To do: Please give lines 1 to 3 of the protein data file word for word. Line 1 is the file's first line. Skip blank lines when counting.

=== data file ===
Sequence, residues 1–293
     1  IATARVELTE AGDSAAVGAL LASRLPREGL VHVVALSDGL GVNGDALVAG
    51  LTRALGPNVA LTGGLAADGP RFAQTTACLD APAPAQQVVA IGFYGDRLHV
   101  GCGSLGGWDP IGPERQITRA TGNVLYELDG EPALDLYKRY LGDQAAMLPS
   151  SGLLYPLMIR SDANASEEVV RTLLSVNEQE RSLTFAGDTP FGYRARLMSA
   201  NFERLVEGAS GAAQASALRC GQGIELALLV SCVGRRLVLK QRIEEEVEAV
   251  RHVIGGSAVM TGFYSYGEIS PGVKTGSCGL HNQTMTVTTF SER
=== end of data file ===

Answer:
Sequence, residues 1–293
     1  IATARVELTE AGDSAAVGAL LASRLPREGL VHVVALSDGL GVNGDALVAG
    51  LTRALGPNVA LTGGLAADGP RFAQTTACLD APAPAQQVVA IGFYGDRLHV